Memories of Nether Edge Grammar School:
Eric Youle (1946-52)
My recollection of first year revolve only about our form master Mr Chambers (RI) his somewhat violent belabouring of students when provoked, and my constant troubles with defective ball point pens (I guess in those years they were a novelty and the quality control not the best). And our Form room being on the second floor of the Main Block at the rear.
At the time I started the school had a mixed male and female staff, a number of the normal complement of male teachers being away in the forces. Over my early school years, the men came back from the war, and teaching staff again became all male.
In the first year we had a female French teacher and the form made singular lack of progress, which was not necesssrily her fault, we then had an exchange French teacher to whom we demonstrated a complete inability to understand a word she said or respond in any sensible way.
In later years, when Mr Simpson had returned from military service, to teach French, the good leasons when we could distract him into talking about his time driving DUKS in the Pacific?
The School sports ground was at Springfield Road, Carter Knowle. Sports afternoon entailed a walk across Brincliffe Fields, to get to the grounds. At the ground there was a pavilion, two? football pitches, track facilities, tennis courts and on a lower level, down the hill, further football/cricket pitches. The major sports were football and cricket, and I guess I must have participhated, regularly, although I can’t remember such. Cricket team c 1950
The adjacent photo suggests that, apart from the players in the school teams, the sports were quite informal, for the rest of us, and we played in our school clothes.
I suspect that I may have played tennis, on our sports afternoons, in my later years at Nether Edge, but I can’t recall for sure.
There was an annual sports day when the various school houses competed with each other, this featured the normal round of races, athletics etc. Also a tug-of-war which found me as anchor man. And one must not forget the cross-country run, through Ecclesall Woods. Most of the school participhated in this event, and in the practice runs leading up to it.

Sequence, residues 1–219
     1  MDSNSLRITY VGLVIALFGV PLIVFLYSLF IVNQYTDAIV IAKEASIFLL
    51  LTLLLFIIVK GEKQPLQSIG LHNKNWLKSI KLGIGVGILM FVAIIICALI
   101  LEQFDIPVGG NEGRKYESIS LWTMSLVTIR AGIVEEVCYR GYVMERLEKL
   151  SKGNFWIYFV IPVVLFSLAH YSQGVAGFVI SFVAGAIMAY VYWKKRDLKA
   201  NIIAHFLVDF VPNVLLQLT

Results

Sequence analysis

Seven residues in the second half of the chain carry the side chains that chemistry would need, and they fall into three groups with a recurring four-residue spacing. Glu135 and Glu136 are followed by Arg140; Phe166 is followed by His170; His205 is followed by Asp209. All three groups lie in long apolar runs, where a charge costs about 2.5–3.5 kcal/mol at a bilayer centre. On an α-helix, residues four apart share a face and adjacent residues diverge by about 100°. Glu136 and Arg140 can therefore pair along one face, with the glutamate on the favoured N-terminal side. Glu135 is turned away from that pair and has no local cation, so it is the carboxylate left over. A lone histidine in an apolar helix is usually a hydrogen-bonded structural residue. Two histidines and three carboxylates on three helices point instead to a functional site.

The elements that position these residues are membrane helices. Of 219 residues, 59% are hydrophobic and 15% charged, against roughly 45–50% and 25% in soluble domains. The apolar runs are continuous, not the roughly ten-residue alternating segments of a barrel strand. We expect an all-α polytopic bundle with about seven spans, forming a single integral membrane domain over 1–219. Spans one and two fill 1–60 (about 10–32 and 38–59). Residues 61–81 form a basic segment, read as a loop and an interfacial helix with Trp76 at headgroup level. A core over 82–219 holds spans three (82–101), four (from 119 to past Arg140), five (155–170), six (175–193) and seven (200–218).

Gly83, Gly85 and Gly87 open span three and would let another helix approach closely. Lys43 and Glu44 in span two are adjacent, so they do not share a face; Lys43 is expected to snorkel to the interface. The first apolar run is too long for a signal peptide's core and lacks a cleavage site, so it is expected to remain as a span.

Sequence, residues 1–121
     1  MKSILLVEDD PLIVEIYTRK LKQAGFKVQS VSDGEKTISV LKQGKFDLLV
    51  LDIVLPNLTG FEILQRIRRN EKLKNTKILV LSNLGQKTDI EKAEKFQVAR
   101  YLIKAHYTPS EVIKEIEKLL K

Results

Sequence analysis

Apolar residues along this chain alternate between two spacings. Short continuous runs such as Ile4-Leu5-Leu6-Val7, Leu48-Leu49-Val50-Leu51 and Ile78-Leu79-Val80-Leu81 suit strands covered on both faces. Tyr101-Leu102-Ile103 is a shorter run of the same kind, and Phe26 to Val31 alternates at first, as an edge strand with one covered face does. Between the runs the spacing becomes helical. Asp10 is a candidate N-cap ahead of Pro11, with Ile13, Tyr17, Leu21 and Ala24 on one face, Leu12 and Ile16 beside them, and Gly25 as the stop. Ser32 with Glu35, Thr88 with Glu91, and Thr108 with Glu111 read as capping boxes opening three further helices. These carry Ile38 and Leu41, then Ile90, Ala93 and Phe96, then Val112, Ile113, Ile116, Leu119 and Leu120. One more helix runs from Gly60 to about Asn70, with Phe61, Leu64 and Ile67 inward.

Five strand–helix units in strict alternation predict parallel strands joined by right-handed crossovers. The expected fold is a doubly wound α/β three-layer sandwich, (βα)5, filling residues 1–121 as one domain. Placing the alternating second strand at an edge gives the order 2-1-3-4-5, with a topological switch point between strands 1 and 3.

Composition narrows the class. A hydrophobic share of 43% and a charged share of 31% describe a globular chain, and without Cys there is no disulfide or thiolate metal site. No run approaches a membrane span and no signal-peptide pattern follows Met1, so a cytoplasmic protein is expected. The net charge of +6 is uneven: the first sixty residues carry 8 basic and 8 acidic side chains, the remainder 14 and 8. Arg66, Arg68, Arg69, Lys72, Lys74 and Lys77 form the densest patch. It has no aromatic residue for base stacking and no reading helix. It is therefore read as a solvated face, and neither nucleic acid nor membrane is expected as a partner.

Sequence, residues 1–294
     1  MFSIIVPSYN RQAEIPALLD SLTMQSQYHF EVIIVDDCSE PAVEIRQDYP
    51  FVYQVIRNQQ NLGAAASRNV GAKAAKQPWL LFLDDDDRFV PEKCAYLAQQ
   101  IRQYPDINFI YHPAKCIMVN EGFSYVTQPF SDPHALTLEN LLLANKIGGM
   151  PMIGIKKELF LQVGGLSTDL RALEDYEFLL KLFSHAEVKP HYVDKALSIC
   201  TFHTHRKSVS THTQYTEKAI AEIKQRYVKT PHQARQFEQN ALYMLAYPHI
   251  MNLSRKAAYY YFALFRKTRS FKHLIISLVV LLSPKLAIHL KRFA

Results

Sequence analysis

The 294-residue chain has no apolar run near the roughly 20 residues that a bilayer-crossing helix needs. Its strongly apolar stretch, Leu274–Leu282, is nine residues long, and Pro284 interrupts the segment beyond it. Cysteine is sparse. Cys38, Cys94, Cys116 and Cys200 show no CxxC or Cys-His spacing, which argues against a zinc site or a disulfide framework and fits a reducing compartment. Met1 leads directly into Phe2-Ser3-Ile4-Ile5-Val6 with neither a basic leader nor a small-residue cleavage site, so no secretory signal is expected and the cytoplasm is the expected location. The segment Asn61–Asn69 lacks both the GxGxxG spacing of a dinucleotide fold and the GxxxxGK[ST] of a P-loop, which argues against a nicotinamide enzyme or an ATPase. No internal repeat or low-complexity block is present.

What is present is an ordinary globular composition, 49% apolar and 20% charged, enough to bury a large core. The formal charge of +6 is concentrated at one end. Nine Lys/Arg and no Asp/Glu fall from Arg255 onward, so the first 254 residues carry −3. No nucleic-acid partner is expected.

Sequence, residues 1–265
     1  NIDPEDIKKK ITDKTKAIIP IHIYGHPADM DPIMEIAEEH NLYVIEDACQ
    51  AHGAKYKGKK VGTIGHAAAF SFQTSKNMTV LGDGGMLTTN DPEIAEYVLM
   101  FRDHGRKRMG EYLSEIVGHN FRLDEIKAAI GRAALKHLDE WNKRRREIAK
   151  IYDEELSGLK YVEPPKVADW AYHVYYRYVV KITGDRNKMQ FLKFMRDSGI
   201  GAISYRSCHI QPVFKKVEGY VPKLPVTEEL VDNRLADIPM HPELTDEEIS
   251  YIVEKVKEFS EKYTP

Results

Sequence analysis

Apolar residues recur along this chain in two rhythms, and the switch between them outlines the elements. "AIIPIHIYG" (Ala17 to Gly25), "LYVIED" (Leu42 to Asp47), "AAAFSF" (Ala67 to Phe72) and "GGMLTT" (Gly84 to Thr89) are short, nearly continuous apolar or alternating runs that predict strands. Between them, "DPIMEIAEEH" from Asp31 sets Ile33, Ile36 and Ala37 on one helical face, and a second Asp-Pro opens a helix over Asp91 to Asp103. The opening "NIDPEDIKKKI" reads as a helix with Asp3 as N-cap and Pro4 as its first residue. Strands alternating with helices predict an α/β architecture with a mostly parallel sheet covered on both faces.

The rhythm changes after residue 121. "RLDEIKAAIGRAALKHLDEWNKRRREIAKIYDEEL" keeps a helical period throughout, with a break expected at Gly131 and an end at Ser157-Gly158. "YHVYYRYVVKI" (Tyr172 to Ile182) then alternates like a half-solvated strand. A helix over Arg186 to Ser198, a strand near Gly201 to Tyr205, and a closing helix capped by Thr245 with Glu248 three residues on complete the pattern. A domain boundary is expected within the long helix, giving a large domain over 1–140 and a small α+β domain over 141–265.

The annual speech day was always held at the Victoria Hall, Norfolk Street, with a big turn out of parents. The entertainment was provided by a choir drawn from years 1 and 2.
It appears I was tone deaf, so early on, I was instructed not to sing in assembly, or at Speech Days, thus at the practices at school I was excluded and then I was sent to watch the practices from the Victoria Hall gallery.
Our tormenting of the poor geography teacher Mr Raynes; one explote springs to mind, we connected all the pendant lamps in the class room, with black cotton. Then when he started the lesson, members of the class pulled on hanging cottons causing all the lights to sway violently. Poor Mr Raynes dashed about the room waving his arms trying to catch the cotton and stop the lights. Also the time the filing cabinet way gently tilted forward and returned upright, so all the contents fell out when the doors were opened. We were regularly in strife with the headmaster, for the noise we made, Mr Raynes would only speak in a loud whisper when we were being disruptive, which made things worse.
When I was in the fifth or sixth year, and our form room was at the back, right corner of the extension, I recall making Tri-nitroiodide crystals. Crystals which went of with a crack when detonated. The aim was to sprinkle the crystals around the floor before the teachers came in and watch their reactions. They all took it in good part, particularly Mr Wilkinson, who stamped around setting it off.